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grasshopper insect protein
grasshopper insect protein

Commercial Grasshopper Farmer Hargol Foodtech Raises $600k Seed Round

July 14, 2017

Israeli grasshopper farming firm Hargol Foodtech has raised $600,000 in seed funding from Sirius Venture Capital in Singapore and SLJ Investment Partners in The Netherlands.

According to founder Dror Tamir, his company is the only active, commercial-scale grasshopper farm in the world and consumer products customers are clamoring to get this traditional protein source. Existing grasshopper cultivation is done in Mexico where some farmers grow crops to attract them. There is also an opaque and sometimes destructive practice of sneaking onto farms to collect grasshoppers, which can damage crops.

Hargol’s singular status is likely because grasshoppers are difficult to cultivate at scale due to their lengthy incubation period and seasonal breeding. “Many of the cricket farmers in the US tried to grow grasshoppers and are still trying,” he said. He says that other operations have failed because they were unable to speed up the insects’ natural cycle. “These are challenging creatures to work with.”

Through manipulating temperature, humidity, light, ventilation and “more,” Hargol claims to have shortened the incubation time for eggs from 40 weeks to 2-4 weeks, and increased the number of life cycles from one per year to 10. “It’s about timing, it’s about climate, it’s about providing the right conditions at the right time,” he continued. “This is getting us out of seasonal farming into intensive farming.”

The grasshopper farms at scale look very similar to chicken coops, consisting of 30 square meter climate controlled rooms with cages stacked from floor to ceiling. The facilities also contain vertical walls of hydroponically grown wheat grass. This provides food for the insects — grasshoppers eat grass — during a crucial point in their development, while outside sources are used to source mature grasses.

The modest facilities and low cost of labor mean that insect farms can operate at scale while staying fairly lean. “We can do things manually and it’s still cost effective.”

Tamir said that this explains the company’s relatively modest funding round. With $600,000 he can increase his growing capacity five times over and start fulfilling orders within the next three weeks.

Right now the company is focused exclusively on the US market because regulations are relatively easy to manage. He already has orders on the books from insect product development companies, restaurants, and retail giants like Whole Foods have expressed interest.

“It’s a very funny story. They just gave us a call. When you try to get in to Whole Foods, it takes a long time just to get a response from a buyer. We got a phone call from one of their VPs [two years ago] saying ‘We want your product on our shelves.’ My response to that was ‘What product?’”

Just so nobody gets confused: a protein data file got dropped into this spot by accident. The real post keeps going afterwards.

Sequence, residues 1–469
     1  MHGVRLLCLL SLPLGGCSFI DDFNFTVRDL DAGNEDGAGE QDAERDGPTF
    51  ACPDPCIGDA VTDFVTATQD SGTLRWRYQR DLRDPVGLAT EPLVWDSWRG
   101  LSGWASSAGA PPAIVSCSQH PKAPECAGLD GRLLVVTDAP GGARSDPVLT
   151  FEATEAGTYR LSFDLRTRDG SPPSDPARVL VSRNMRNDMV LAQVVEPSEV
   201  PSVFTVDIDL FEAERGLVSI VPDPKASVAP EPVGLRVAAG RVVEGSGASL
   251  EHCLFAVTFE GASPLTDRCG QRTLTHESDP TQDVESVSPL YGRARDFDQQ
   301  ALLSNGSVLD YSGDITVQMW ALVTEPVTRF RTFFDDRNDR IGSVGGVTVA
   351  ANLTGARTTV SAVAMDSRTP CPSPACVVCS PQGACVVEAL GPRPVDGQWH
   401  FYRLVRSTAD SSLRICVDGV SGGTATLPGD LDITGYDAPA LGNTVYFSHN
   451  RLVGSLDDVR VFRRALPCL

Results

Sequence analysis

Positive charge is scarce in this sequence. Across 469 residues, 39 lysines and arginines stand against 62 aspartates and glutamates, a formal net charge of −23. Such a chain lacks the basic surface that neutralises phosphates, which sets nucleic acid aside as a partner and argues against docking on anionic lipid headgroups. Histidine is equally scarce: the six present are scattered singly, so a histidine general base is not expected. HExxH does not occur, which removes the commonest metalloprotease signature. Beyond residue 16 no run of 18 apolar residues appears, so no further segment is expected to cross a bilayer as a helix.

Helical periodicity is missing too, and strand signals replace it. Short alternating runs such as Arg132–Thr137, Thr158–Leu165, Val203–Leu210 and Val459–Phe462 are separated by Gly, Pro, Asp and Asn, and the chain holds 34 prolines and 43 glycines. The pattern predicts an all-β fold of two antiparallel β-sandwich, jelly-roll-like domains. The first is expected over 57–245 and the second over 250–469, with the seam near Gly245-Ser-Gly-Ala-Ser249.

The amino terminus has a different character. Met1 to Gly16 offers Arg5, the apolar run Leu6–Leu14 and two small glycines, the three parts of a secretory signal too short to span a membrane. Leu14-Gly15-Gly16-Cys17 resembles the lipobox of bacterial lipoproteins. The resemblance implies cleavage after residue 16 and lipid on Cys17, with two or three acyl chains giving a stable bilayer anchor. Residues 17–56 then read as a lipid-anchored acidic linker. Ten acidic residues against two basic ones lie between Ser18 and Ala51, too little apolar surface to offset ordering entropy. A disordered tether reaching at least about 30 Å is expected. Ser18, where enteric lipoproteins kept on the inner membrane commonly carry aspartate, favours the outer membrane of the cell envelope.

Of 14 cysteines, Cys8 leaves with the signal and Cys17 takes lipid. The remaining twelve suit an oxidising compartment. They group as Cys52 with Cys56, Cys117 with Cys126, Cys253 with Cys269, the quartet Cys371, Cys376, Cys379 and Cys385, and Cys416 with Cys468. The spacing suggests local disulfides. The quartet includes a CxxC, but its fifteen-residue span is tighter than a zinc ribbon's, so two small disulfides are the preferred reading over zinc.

In terms of nutrition, grasshoppers have a marketable profile with 72% protein, all essential amino acids, and a balanced ratio of omega-3 and omega-6 fatty acids.

In addition to interest from nutrition and snack companies in a milled grasshopper powder product, Tamir says that 30% of their incoming requests from the US market are for the whole insect. “There are tens of millions of Mexicans in the US and for them chapulines, the local Mexican grasshopper, is the national dish; they love it and there is not supply of it. No one is able to grow them.”

Ironically, the regulations in Mexico are some of the most complicated in the world while the US import regulations for grasshoppers are the most simple and clear, he adds.

Hargol is also looking to crack the pet food market but regulations surrounding that sector are much more complicated in the US and Tamir says that the pet food industry has told them that American pet owners balk at the notion of feeding their pets insects.“You wont believe it. Grasshoppers are part of the natural diet of pets — cats and dogs and reptiles — but when the pet owner thinks about their pet eating that, they find it disgusting,”

Also drawing Hargol to the US, consumer market are the high prices, driven by high demand for insect protein. Further, grasshoppers are the only kosher and halal insect.

As more insect farming operations come on line, the economics may change and pet and livestock feed may make more sense. Hargol was in animal nutrition company Alltech’s first cohort for the new Pearse Lyons Accelerator Program earlier this year and is investigating his product as a possible feed additive. Israeli incubation group Trendlines has invested in the company in the past.

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